Energy farm tour reveals bioenergy crops’ sustainability
On a crisp fall day, students, faculty and staff learned about ongoing research projects at the Energy Biosciences Institute (EBI) Energy Farm as they walked among towering plots of prairie grasses and woody plants.
The farm tour was part of the Fourth Annual Sustainability Week, a weeklong celebration of the ongoing efforts by the University of Illinois to create a more sustainable campus and community.
Farm tours are a “fantastic way” for students to learn about the diversified research at Illinois, said Jenny Kokini, who helps run the Center for a Sustainable Environment that hosted the event.
“The students who toured the Sustainable Student Farm and EBI Energy Farm get to see firsthand what it takes to conduct bioenergy research that will help improve how we produce food and fuel sustainably,” she said. “Illinois faculty and staff are out here working and collecting vital data on rainy spring days, scorching summer days, and even cool, windy fall days like this one.”
Native bioenergy grasses could provide sustainable fuel while benefiting Illinois conservation by creating a habitat for animals and preventing soil erosion, said DoKyoung (D.K.) Lee, an Assistant Professor of Crop Sciences and EBI faculty member, who began the tour.
“We have a lot of different landscapes in Illinois, including hilly, flat, and wet areas,” Lee said. “Not all ground is perfect for row crop production. We would like to use this marginal land to produce biomass.”
Lee said native grasses like prairie cordgrass are good for cold, wet and salty areas whereas big bluestem is good for dry, hilly areas.
Next, participants saw black locust trees, the most productive woody plant out of 21 species in a study by Gary Kling, an Associate Professor of Crop Sciences and EBI faculty member. Kling discussed how woody plants could be an alternative feedstock that can live for decades, provide a habitat for many animals, and be stored for long periods of time after harvest.
Tom Voigt, an Associate Professor of Crop Sciences and EBI faculty member, showed participants a plot of Miscanthus, the highest-yielding grass for temperate areas like Illinois. This perennial bioenergy grass doesn’t use traditional fertilizers and produces 8-9 tons of dry matter per acre, whereas fertilized corn only produces about 1-2 tons of dry matter per acre and is often needed to replenish the organic matter in the soil.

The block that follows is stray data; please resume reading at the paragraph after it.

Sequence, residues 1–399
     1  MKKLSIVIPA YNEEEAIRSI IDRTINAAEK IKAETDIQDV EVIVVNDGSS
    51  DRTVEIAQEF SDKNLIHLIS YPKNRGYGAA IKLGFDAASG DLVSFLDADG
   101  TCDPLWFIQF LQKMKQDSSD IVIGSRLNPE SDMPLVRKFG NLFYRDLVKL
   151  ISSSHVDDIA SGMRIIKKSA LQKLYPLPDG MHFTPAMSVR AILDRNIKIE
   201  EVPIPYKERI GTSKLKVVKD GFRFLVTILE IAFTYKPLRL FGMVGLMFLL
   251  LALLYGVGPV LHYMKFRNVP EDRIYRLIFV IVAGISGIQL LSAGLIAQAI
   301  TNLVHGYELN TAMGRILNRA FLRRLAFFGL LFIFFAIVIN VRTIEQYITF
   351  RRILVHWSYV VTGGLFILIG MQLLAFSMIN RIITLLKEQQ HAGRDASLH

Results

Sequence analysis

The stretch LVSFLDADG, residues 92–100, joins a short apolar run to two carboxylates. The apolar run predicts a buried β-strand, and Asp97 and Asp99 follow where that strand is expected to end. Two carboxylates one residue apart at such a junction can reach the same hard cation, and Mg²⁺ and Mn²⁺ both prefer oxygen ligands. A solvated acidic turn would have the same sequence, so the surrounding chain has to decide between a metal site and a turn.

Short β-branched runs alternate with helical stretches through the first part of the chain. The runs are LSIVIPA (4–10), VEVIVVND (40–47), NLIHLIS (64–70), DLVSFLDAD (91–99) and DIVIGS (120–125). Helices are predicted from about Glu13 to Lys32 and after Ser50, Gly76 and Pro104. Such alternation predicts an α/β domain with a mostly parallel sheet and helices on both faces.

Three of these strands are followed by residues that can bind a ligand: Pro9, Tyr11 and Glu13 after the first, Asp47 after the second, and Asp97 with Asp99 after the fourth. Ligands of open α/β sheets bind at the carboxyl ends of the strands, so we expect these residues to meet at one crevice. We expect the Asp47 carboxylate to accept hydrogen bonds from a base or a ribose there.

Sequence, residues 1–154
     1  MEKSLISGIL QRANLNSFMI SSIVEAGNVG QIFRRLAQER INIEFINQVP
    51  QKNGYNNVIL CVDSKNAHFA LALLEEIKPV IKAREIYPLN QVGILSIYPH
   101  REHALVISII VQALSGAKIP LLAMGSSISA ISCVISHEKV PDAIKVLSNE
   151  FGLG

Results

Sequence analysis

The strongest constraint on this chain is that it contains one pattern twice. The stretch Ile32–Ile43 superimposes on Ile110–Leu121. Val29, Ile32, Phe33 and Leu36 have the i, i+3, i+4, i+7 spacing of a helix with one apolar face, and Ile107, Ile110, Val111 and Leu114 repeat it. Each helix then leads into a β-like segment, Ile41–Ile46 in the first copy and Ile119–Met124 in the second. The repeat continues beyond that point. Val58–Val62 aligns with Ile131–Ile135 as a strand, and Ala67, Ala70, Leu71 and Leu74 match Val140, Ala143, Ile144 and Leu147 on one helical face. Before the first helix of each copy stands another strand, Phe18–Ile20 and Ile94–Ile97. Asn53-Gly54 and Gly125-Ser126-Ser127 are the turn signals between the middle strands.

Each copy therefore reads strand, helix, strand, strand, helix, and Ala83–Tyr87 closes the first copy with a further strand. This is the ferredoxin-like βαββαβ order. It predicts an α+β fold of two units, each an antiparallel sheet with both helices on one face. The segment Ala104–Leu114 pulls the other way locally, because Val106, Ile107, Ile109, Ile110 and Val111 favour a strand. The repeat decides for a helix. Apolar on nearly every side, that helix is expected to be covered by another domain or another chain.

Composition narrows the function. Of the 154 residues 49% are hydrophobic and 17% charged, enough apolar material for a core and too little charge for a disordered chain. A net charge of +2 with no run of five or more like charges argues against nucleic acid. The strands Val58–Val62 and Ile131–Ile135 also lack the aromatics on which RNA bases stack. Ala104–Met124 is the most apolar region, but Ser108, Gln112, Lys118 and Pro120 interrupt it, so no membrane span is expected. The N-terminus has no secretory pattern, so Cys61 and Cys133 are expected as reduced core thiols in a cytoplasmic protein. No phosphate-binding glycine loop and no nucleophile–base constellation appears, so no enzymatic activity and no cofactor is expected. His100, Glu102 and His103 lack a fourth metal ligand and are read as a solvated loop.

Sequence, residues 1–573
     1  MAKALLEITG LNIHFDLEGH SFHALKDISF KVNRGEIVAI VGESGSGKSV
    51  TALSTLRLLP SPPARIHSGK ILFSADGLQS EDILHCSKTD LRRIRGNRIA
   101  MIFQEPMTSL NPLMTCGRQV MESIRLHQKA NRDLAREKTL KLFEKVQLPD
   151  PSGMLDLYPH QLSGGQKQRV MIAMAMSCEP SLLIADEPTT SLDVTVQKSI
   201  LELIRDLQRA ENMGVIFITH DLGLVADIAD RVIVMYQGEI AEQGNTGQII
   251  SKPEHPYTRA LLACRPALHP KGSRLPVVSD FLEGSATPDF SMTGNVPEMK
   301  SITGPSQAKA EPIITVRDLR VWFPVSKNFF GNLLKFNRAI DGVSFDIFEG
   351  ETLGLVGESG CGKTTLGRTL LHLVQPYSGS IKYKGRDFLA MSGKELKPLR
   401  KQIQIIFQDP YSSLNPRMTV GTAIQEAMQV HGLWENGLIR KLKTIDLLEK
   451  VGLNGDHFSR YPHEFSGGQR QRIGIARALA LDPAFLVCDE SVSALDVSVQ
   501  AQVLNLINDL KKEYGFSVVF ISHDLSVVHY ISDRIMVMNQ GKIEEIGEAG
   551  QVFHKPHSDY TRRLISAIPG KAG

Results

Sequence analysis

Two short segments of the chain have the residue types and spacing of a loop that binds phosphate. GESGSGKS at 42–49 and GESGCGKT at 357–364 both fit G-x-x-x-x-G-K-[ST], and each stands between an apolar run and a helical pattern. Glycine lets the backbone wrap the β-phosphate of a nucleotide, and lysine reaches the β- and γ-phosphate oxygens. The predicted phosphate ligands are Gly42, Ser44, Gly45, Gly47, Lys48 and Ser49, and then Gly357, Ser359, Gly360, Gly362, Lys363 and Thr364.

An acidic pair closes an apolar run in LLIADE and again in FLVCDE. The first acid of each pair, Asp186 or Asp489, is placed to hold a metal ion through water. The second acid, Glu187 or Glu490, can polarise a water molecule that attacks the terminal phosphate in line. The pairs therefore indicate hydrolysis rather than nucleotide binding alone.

EBI postdoctoral associates Ilsa Kantola and Candice Smith discussed how long term bioenergy grass crop and traditional row crop production will impact Illinois soil, particularly carbon and nitrogen storage. Smith has found that perennial bioenergy plants leach very little nitrogen, which is important to preventing nitrogen from traveling to the Gulf of Mexico and creating large, hypoxic “dead zones” that are virtually void of life.
“The perennial crops are really great for holding onto their nitrogen and not allowing it to leach out,” Smith said. “They also do really well in not omitting nitrous oxide, a powerful greenhouse gas that’s 300 times more potent than carbon dioxide.”
Participants also toured a 20-foot research greenhouse and the university’s 2007 Solar Decathlon “Element House,” which will be renovated and placed at a permanent site on the farm.
The Center for a Sustainable Environment provides national and international leadership on sustainability by providing support for interdisciplinary education, research, and engagement in addition to developing and implementing strategies for a sustainable campus environment.
The Energy Biosciences Institute, supported by a $500-million, 10-year award from energy company BP, pursues solutions to the global energy challenge through collaborative research between the University of California, Berkeley; University of Illinois at Urbana-Champaign; and the Lawrence Berkeley National Laboratory. The EBI’s efforts at Illinois take place at the Institute for Genomic Biology (IGB), an interdisciplinary research institute.